For today's Throwback Thursday moment presented by
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During his playing days, it seemed that Joe Theismann never met a promotional opportunity he didn't like, whether it was hosting TV shows, endorsing products, doing motivational speaking or owning a restaurant.
As part of his flair for self-promotion, he also carried himself in a way that made him sound like he was the only person who could ever quarterback the Washington Redskins.
At least that's the way Ken Jenkins, a Redskins kick returner in 1985 and 1986, remembers it.
"We believed it," Jenkins said. "In interviews, he was like, `I know how to run this offense, and I'm the best guy to run this offense.' We bought in, all of us. The entire Washington area. Joe was a great personality and a great guy."
But any sense of comfort backfired on Jenkins, his teammates and the 53,371 fans at RFK Stadium on Nov. 18, 1985, when the Redskins hosted the Giants in a Monday night game. The division rivals were tied at 7 early in the second period, when the game was interrupted by one of the grisliest scenes in sports history.
Giants linebacker Lawrence Taylor led a trio of players who converged on Theismann and dropped him for a sack. At the same time, the quarterback's leg bent at an extreme angle and snapped. As he lay sprawled on the field writhing in pain, the stadium went silent.
For Theismann, who had become a fixture in the nation's capital, the injury would end an 11-year NFL career in which he threw for more than 25,000 yards. He's in the Redskins' Ring of Fame at FedExField and has been a preliminary nominee for the Hall of Fame.
"When he went down, all of the oxygen went out of the stadium, including on the sidelines," Jenkins said. "We were like, holy cow, what are we going to do now?"
At the same time, garrulous Redskins tight end Doc Walker walked up and down the sidelines saying in low tone, "Let's go Bruin, let's go Bruin," Jenkins remembered.
Walker was referring to Redskins backup quarterback Jay Schroeder, who played his college ball for the UCLA Bruins, the same school that Walker attended.
"So Doc is getting Jay cranked up, and we're all listening, and then we start getting cranked up," Jenkins said. "By the time Jay went in, Doc was screaming at the top of his lungs, eyes blood red, saying, `Let's go Bruin, you can do this!' "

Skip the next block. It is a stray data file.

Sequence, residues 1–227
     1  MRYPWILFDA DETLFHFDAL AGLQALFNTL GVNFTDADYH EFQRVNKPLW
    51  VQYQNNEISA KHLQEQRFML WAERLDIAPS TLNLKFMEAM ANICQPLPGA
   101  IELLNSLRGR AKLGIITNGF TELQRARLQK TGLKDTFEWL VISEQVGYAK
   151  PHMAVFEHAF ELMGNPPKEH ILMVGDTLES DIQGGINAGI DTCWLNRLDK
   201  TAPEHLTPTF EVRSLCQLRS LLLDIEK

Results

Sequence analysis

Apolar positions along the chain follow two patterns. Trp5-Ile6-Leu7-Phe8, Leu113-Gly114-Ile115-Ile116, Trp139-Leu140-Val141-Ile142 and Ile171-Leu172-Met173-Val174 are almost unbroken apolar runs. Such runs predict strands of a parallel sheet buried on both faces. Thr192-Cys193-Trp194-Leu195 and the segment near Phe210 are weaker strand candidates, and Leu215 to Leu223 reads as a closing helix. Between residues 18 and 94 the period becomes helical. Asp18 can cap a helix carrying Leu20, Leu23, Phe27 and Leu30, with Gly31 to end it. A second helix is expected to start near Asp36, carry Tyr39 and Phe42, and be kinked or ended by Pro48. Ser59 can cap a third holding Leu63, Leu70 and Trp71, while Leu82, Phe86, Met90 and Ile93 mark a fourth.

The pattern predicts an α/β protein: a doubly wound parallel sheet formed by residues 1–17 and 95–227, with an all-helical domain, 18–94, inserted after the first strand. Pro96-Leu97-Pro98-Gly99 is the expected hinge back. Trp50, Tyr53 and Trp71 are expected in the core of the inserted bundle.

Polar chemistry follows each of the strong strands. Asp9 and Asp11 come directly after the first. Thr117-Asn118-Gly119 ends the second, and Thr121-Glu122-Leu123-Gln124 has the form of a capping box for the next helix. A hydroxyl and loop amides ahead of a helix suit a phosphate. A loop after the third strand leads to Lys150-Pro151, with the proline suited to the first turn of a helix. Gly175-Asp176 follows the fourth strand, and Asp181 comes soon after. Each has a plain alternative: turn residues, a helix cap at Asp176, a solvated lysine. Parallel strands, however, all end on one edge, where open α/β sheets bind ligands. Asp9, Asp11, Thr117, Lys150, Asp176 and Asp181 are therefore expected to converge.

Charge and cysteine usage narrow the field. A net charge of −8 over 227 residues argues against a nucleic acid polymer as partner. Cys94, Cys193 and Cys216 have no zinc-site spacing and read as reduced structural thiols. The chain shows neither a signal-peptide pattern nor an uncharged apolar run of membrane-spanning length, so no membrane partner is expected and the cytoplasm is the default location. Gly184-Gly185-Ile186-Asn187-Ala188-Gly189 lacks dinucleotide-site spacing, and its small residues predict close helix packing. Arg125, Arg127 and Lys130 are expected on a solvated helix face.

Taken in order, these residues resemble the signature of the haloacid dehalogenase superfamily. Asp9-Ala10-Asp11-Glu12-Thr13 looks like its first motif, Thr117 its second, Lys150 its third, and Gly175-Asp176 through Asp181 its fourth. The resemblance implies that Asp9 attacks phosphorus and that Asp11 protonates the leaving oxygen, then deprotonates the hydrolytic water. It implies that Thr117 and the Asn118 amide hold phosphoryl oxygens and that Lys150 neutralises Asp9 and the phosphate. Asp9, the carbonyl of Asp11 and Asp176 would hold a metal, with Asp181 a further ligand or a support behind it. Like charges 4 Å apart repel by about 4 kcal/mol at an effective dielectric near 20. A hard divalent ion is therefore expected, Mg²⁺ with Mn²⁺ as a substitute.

Not everyone was convinced. Schroeder, a former catcher and outfielder in the Toronto Blue Jays' farm system who had thrown only eight passes in nearly two NFL seasons, hardly took any snaps in practice.
"No one knew what this unknown Jay Schroeder kid could do," Jenkins said.
But the 6-foot-4, 220-pound strong-armed quarterback showed no rust. On his first pass against the NFL's No. 1 defense, he hit receiver Art Monk for a 44-yard completion down the right sideline. The play would typify his poise throughout the evening before an awe-stricken crowd at RFK and millions more watching on TV.
"Oh my goodness, Jenkins said. "The place went nuts. It was electric that night. With that play, we were back in the game within seconds. Credit coach [Joe] Gibbs for calling that first play for basically a rookie coming off the bench who is taking place of a Hall of Fame nominee. He calls a go route to Art down the sideline, and Jay hits him in the throat. That was amazing."
With the crowd solidly behind him, Schroeder hit Monk again early in the third quarter for 50 yards on a touchdown drive that put the Redskins up, 14-7. Late in the game, he led another drive that ended with a 14-yard scoring pass to tight end Clint Didier. It climaxed his unflappable 13 of 20, 221-yard, one touchdown performance in the 23-21 Redskins win.
"It was the most unbelievable football game," Jenkins said. "I didn't sleep for two days. That was the only time we beat the Giants in my two seasons with the Redskins. That's one of the best memories I have."